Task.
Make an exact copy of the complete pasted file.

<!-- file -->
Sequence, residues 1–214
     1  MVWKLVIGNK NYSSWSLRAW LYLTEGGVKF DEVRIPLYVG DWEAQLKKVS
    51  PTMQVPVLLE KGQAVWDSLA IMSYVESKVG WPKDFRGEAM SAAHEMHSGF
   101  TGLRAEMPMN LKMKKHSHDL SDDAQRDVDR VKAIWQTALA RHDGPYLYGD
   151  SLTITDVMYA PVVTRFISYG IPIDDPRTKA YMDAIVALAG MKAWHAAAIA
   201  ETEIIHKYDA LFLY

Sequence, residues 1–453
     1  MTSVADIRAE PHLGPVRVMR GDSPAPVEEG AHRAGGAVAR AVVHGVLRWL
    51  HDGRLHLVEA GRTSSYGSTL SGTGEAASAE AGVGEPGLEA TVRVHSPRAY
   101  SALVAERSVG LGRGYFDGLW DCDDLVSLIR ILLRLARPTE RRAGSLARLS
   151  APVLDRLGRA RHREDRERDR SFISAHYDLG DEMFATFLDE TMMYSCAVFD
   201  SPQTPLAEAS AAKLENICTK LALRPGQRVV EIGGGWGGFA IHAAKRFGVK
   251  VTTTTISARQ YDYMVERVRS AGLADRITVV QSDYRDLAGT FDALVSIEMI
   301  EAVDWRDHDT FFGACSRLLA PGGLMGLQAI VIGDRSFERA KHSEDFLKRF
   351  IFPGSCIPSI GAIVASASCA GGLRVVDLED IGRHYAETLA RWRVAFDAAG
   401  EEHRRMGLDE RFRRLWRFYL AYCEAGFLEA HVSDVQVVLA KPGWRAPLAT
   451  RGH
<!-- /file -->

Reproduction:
Sequence, residues 1–214
     1  MVWKLVIGNK NYSSWSLRAW LYLTEGGVKF DEVRIPLYVG DWEAQLKKVS
    51  PTMQVPVLLE KGQAVWDSLA IMSYVESKVG WPKDFRGEAM SAAHEMHSGF
   101  TGLRAEMPMN LKMKKHSHDL SDDAQRDVDR VKAIWQTALA RHDGPYLYGD
   151  SLTITDVMYA PVVTRFISYG IPIDDPRTKA YMDAIVALAG MKAWHAAAIA
   201  ETEIIHKYDA LFLY

Sequence, residues 1–453
     1  MTSVADIRAE PHLGPVRVMR GDSPAPVEEG AHRAGGAVAR AVVHGVLRWL
    51  HDGRLHLVEA GRTSSYGSTL SGTGEAASAE AGVGEPGLEA TVRVHSPRAY
   101  SALVAERSVG LGRGYFDGLW DCDDLVSLIR ILLRLARPTE RRAGSLARLS
   151  APVLDRLGRA RHREDRERDR SFISAHYDLG DEMFATFLDE TMMYSCAVFD
   201  SPQTPLAEAS AAKLENICTK LALRPGQRVV EIGGGWGGFA IHAAKRFGVK
   251  VTTTTISARQ YDYMVERVRS AGLADRITVV QSDYRDLAGT FDALVSIEMI
   301  EAVDWRDHDT FFGACSRLLA PGGLMGLQAI VIGDRSFERA KHSEDFLKRF
   351  IFPGSCIPSI GAIVASASCA GGLRVVDLED IGRHYAETLA RWRVAFDAAG
   401  EEHRRMGLDE RFRRLWRFYL AYCEAGFLEA HVSDVQVVLA KPGWRAPLAT
   451  RGH